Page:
Graduation Year


Document Type




Degree Granting Department

Civil Engineering

Major Professor

Robert Carnahan, Ph.D.


Lysimeters, Sulfate-reducing bacteria, Iron-reducing bacteria, Leachate saturation zone, Precipitate, X-ray diffraction, Scanning electron microscopy


Land disposal of solid waste is a vital component of any solid waste management system. Design, operation and closure of municipal solid waste (MSW) landfills are required by regulations to control leachate and gases generated during the life, closure,and post-closure of the facility. Clogging of leachate drainage and removal systems in landfills is a common phenomenon and has been acknowledged in several landfills throughout the United States and abroad. This project was conducted in two phases. Phase I was completed in February of 2005 and Phase II was completed in August of 2006. Leachate characteristics data obtained in Phase I was processed and analyzed, along with supplementary data obtained in Phase II on liquid and solid phase testing. Leachate samples from the landfill and lysimeters indicated the presence of iron and sulfate-reducing bacteria. These bacteria are known to facilitate biologically induced precipitate formation.The mechanism by which biologically ind

uced precipitate may form begins with oxidizing acetate by iron and sulfate-reducing bacteria, reducing sulfate to sulfide and ferric iron to ferrous, and then forming calcium carbonate, iron sulfate, and possibly dolomite and other minerals.The results show that the clogging mechanism is driven by two major processes: transformation of volatile acids to substrates by iron and sulfate-reducing bacteria causing local pH and total carbonate to increase, which accelerate calcium carbonate precipitation, and thermodynamically favored reactions in supersaturated conditions based on saturation indices of calcium, sulfide, iron, and other species with respect to minerals. For each 1 mg of consumed volatile acids there were 1.7 mg of calcium, 0.28 mg of sulfate, and 0.03 mg of iron removed. Field and lysimeter precipitate samples were analyzed (using X-Ray Diffraction, Scanning Electron microscopy, and Electron Dispersive Spectroscopy) and correlated with geochemical modeling of leachate const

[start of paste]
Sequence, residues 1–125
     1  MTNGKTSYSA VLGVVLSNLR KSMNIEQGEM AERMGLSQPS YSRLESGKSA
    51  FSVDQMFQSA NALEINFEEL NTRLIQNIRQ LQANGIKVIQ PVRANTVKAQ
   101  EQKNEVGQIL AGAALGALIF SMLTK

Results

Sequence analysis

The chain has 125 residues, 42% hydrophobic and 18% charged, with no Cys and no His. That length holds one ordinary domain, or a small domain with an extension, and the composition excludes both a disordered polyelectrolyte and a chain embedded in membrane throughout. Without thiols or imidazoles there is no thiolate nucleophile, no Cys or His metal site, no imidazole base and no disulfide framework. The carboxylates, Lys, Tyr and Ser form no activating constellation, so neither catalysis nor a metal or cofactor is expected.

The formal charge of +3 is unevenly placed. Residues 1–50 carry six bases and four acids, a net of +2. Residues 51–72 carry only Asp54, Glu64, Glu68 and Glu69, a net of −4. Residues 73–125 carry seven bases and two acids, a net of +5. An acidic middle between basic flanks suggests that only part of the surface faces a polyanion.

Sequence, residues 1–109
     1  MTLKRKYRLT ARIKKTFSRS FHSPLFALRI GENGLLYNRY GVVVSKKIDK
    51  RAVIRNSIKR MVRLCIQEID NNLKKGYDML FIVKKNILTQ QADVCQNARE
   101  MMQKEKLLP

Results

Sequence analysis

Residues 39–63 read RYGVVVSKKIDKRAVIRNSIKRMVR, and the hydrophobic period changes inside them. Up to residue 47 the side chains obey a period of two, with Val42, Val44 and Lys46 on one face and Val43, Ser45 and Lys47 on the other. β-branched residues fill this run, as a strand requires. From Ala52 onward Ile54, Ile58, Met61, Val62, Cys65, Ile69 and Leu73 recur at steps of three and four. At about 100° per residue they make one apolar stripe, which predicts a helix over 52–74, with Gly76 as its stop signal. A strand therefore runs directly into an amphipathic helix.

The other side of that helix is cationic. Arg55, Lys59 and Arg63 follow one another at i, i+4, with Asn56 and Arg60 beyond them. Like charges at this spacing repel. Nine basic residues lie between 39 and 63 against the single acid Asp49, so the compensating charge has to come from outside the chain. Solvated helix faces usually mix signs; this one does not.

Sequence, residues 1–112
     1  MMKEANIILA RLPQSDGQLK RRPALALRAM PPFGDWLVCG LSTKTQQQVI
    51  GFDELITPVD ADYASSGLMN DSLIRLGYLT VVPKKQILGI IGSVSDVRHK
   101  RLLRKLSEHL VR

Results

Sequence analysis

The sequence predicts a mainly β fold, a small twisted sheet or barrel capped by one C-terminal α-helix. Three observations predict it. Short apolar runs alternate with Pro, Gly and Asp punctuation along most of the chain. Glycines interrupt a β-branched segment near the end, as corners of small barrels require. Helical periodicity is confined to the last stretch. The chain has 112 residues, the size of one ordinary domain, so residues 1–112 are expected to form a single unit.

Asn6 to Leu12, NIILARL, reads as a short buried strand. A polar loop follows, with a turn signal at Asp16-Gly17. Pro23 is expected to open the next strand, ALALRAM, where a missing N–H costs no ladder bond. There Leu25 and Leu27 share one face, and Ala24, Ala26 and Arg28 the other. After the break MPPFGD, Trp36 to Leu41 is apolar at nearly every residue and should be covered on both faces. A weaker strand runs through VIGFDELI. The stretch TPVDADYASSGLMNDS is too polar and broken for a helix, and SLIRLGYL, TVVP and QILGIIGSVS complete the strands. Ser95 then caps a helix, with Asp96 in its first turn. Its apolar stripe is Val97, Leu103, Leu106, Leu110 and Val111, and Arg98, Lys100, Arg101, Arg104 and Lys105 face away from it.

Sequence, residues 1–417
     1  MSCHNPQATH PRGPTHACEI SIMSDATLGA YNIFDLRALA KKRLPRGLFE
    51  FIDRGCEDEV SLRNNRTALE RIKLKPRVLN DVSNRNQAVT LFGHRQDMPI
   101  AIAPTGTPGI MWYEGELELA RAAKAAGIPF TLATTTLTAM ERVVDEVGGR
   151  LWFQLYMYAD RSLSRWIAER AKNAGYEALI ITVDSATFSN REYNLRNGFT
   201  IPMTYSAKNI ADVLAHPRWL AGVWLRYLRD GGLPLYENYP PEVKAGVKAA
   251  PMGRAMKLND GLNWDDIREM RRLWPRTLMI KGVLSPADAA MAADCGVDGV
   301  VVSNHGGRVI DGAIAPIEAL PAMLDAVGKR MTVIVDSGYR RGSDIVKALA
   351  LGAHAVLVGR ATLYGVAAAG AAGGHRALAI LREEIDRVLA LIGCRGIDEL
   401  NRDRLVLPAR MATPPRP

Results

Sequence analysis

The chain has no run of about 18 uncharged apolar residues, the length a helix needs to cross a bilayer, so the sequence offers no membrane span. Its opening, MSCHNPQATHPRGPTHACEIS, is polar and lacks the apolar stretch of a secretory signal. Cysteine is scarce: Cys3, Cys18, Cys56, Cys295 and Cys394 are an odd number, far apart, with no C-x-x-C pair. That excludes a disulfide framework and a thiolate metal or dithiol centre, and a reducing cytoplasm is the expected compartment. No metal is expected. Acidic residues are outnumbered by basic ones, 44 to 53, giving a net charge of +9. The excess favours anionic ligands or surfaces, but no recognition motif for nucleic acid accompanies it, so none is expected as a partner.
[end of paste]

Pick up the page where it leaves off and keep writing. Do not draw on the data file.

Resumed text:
ituents. Precipitate analyses showed the presence of calcium carbonate, brushite (calcium phosphate),and dolomite, where as geochemical modeling showed that calcium carbonate, hydroxyapatite (complex of calcium phosphate), dolomite, pyrite, and siderite may be formed from field and lysimeter leachate constituents. The results also showed that submerged and stagnant conditions in the leachate collction systems accelerate the precipitation process.